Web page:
on me than anything I had heard up until that time.
Their fantastic harmony singing which can possibly
only come from sisters and their unguarded honesty
in writing about their loves and losses was and is
I saw them perform on a number of occasions and we
met several times. For me the most memorable was when
I was at the Edmonton festival in Canada. I was singing
on stage as part of a “sing around” with
Nanci Griffith and Archie Fisher.
Kate and Anna had already sung and I was splaying
'The Hands Of Joseph” By the time I got to the
end of the song the girls had learned the tune and
these angelic harmonies drifted out on to the summer
air. It was magical for me and later we all posed for
a photo which I treasure.
I just got back to Cornwall after a brief London
stop and Tom Mates (my luthier) has taken the twelve
Gibson to do some work on it in readiness for the recording
of Reverend Thunder.
I have also found two versions of a song entitled “Lantern” which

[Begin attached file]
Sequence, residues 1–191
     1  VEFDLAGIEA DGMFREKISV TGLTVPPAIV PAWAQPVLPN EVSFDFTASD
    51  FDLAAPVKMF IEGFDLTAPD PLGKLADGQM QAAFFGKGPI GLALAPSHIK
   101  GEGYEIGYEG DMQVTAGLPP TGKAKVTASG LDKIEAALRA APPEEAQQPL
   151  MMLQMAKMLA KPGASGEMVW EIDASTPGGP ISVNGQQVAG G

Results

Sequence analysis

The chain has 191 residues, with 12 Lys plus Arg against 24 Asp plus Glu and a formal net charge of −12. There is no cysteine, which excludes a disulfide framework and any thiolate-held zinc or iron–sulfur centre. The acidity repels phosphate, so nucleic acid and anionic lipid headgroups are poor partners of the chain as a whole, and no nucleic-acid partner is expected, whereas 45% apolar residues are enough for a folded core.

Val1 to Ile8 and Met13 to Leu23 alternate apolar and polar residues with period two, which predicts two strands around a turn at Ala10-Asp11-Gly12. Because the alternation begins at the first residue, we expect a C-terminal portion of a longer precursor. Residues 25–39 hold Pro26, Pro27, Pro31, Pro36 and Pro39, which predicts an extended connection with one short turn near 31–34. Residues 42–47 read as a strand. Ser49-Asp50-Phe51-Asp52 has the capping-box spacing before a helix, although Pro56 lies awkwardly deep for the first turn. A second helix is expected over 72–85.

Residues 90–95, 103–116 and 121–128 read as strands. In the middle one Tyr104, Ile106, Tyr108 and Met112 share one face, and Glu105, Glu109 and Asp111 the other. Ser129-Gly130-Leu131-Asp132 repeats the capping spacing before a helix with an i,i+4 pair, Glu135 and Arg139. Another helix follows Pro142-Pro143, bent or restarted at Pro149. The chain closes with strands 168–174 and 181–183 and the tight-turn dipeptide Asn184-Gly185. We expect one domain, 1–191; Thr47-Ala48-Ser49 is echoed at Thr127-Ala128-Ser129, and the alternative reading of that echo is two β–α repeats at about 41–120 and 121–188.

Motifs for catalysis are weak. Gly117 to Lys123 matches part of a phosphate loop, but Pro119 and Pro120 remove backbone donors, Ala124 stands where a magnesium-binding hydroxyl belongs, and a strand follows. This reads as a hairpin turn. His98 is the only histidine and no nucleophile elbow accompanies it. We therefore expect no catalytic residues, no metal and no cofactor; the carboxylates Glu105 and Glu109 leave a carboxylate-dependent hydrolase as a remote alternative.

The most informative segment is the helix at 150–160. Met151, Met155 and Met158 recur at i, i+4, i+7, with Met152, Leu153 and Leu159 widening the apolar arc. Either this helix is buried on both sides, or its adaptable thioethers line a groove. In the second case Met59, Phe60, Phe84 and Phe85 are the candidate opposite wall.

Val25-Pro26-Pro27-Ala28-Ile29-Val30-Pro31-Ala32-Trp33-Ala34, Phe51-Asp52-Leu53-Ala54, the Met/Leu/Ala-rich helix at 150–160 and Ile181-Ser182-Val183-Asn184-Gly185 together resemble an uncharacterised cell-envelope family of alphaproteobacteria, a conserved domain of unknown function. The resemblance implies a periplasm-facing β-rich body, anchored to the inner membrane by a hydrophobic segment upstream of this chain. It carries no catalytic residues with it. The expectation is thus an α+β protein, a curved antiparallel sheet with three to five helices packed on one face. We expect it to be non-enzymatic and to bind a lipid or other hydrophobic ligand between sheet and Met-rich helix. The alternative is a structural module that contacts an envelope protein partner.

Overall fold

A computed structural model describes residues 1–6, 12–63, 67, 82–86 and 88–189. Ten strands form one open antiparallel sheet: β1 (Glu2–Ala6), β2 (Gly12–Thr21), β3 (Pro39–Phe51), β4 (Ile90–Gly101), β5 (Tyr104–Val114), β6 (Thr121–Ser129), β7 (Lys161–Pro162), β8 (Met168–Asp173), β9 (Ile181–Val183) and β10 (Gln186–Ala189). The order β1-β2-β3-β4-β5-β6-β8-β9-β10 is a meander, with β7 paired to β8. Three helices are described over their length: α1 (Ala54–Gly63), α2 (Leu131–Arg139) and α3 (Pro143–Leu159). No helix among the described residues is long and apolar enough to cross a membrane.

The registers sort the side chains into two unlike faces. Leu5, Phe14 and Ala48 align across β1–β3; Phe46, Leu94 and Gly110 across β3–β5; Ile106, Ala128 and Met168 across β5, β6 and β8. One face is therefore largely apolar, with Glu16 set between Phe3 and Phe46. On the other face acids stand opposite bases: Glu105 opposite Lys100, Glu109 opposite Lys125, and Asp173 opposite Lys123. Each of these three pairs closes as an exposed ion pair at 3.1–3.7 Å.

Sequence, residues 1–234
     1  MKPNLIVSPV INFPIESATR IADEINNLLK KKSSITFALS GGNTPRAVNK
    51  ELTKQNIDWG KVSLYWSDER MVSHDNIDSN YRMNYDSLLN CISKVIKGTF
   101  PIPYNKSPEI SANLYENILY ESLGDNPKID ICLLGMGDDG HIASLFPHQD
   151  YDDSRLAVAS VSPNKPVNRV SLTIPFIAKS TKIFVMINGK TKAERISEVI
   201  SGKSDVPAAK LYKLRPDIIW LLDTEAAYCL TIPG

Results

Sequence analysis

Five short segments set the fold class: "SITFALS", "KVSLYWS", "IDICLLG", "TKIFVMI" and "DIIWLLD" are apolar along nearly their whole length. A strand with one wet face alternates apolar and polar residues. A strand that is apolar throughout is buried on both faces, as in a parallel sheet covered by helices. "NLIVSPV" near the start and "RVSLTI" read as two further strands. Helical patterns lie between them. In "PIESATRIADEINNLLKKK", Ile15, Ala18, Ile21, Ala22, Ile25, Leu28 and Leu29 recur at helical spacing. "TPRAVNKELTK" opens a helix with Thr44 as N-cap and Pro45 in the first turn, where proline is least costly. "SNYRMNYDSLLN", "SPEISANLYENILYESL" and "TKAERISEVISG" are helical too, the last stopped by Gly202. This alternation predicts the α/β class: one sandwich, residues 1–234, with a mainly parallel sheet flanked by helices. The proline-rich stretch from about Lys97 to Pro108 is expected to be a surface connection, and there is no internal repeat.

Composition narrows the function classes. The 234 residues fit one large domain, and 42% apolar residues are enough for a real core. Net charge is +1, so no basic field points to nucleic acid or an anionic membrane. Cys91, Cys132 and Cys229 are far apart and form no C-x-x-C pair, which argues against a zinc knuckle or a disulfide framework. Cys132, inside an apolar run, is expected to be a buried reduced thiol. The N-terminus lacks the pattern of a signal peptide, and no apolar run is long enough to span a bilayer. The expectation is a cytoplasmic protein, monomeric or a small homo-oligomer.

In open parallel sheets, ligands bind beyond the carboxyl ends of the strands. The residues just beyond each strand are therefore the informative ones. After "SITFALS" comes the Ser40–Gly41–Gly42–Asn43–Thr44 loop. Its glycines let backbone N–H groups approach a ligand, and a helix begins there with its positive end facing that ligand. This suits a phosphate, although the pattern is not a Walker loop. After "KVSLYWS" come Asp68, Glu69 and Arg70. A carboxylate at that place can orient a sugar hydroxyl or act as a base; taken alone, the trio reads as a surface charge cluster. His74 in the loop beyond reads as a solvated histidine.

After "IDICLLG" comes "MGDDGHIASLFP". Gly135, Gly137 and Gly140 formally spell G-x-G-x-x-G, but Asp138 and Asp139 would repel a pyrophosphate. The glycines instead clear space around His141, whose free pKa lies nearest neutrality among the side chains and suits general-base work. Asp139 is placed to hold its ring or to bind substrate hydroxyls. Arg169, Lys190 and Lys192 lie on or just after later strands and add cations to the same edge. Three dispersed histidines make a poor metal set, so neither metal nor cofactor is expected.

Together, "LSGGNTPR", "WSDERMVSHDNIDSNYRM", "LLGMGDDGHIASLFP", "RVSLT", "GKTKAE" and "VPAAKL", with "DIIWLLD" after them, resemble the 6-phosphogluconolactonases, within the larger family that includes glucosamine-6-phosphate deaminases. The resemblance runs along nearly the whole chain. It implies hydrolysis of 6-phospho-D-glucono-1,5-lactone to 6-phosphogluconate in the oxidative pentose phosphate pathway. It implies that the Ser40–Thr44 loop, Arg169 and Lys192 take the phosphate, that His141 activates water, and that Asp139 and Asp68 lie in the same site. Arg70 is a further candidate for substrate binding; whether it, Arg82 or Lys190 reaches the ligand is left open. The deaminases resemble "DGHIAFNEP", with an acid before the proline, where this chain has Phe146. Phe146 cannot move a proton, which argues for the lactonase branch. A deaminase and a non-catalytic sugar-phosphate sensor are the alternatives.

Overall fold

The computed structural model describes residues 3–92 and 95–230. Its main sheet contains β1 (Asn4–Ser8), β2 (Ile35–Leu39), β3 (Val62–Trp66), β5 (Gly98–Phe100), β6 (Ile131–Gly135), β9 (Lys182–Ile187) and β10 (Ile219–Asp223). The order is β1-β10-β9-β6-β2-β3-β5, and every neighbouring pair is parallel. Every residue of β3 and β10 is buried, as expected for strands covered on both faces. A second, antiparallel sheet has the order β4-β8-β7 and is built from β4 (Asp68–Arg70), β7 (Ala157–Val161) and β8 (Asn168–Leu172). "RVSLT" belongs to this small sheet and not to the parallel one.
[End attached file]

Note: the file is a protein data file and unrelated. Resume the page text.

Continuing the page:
is about my mother visiting her “Grampy” in
a village in Oxfordshire. She told me the story several
times of how she use to brush his hair and him falling
asleep before they trudged over the fields back to
Brackley. In many ways it sounded an idyl but all three
children had left home before they were sixteen years
old. Her little brother Ray joined the navy at 11 years
I began to think of the contrast between these facts
and believe I have worked up an interesting scenario.
The trouble is the lyric no longer fits the tune and
the tune was to be part of the hypnotic state of unknown
memory, or memory one step removed.
I will try to get studio enquiries together this week.
to February •